Misophonia

Re: Misophonia

Postby ohtheprofanity » October 10th, 2016, 4:24 pm

I watched the debates last night. From a misophonia standpoint, it was downright unbearable at times.

I won't go into what I thought from a non-misophonia standpoint because this isn't the appropriate thread for that.
User avatar
ohtheprofanity
 
Posts: 11
Joined: October 3rd, 2013, 5:57 am
Gender: Female
Issues: Anxiety, depression, misophonia, eating disorder (anorexia, purging subtype)
preferred pronoun: she

Re: Misophonia

Postby everyonecanbuzzoff » October 11th, 2016, 12:46 pm

Misophonia is the biggest issue I have getting through the day. I have struggled with it my entire life. I remember being 5 or 6 and yelling at my brother because he wouldn't slow down enough to stop slurping and smacking his cereal (he would take 4 spoonfuls at a time THEN CHEW). In high school I started feeling more aggressive toward "noise makers." I couldn't focus in classes because I was so focused on imagining smashing my desk over any gum smacker's head just to make the terrible squishing sound stop. No one in my family understands what I mean when I ask them to please chew with their mouths closed, not that I'd actually stop hearing the sound of them chewing. In the past few years, I've been getting a little more comfortable with telling people I'm close with when they are bothering me, and they tend to be understanding, but typically I just realize that no one is cognizant of what they're doing. The worst thing is when I tell someone new about my issue and they jokingly say "oh you mean like this??" and then obnoxiously mimics the trigger sounds I've described. One time I got so frustrated that I mindlessly slapped a coworker in the face because she truly saw my pain as a joking matter. After it happened, I was mortified and hoped she wouldn't file some work harassment claim against me (she didn't). I often even have a hard time listening to podcasts and have to resist the temptation of throwing my phone across the room every time someone licks their lips, swallows, or simply breathes too heavily. There are many times I can't make it through an episode. There are many sounds that bother me, but eating and gum smacking are my worst triggers as they do not have a clear end point and I'm completely out of control in the situation. When possible, I try to ensure that I have music playing when dining alone or with friends or family. I've met a lot of people who say they have the same problem but then I always realize my case is more severe and that they're not as self aware as they think they are. I have recently made a friend who struggles with it just as much as I do and it is so therapeutic for both of us to be able to angrily vent to one another when we're feeling triggered. Don't know if this helps anyone else, but it was nice for me to vent.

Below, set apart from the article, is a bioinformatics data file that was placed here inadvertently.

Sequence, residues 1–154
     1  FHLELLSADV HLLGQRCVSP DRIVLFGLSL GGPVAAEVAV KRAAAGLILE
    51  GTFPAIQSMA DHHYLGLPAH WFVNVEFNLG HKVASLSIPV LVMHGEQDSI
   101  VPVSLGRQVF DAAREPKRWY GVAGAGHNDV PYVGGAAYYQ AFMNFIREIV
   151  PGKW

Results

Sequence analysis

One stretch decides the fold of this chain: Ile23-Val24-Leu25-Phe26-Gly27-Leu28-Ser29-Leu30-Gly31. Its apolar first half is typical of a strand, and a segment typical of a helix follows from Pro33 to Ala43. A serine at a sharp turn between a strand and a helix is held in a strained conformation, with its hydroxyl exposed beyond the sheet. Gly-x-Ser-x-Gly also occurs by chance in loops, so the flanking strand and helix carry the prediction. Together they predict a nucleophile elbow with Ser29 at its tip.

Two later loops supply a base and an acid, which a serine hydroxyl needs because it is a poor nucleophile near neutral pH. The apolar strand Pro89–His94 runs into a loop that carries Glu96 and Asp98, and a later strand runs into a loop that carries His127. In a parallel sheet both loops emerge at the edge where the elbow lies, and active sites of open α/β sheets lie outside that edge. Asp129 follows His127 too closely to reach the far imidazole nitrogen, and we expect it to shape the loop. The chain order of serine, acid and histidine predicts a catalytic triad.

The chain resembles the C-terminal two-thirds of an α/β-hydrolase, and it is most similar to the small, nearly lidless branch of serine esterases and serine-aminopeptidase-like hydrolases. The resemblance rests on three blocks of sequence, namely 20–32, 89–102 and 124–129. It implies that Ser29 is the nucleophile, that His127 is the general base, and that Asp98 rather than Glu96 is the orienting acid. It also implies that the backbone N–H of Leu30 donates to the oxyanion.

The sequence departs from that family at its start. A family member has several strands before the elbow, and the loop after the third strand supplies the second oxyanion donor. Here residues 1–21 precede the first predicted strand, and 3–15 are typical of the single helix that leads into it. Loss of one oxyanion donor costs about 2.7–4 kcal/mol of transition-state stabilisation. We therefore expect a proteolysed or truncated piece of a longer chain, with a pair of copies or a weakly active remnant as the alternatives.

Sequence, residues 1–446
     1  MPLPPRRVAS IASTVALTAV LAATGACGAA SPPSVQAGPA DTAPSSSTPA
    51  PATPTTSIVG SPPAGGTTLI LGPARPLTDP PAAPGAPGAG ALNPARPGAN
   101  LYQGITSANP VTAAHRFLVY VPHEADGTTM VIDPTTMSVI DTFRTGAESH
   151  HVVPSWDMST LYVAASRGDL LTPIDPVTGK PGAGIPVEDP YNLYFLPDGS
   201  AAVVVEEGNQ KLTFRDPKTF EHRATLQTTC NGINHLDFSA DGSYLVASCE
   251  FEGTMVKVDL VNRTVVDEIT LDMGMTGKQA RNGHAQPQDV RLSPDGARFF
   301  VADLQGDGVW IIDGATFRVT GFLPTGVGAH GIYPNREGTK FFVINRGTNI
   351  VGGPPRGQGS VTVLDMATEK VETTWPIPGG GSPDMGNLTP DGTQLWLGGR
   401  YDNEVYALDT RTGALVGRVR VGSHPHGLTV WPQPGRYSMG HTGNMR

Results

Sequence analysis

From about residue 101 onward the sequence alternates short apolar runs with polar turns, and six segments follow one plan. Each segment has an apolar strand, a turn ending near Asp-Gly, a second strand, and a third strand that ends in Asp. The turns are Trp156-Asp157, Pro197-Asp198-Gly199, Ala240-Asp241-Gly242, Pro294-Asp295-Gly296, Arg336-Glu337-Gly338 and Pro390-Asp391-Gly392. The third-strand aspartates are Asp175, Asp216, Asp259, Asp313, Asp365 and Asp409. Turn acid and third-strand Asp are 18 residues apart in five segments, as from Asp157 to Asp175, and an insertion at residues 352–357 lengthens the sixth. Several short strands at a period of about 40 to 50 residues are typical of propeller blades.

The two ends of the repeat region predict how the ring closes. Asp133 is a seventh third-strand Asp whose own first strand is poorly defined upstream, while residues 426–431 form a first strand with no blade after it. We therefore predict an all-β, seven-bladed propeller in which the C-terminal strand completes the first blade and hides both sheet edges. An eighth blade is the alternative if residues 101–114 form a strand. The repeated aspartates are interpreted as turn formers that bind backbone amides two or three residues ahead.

everyonecanbuzzoff
 
Posts: 1
Joined: October 11th, 2016, 12:15 pm
Gender: Female
Issues: misophonia!
preferred pronoun: she

Re: Misophonia

Postby ohtheprofanity » October 11th, 2016, 1:21 pm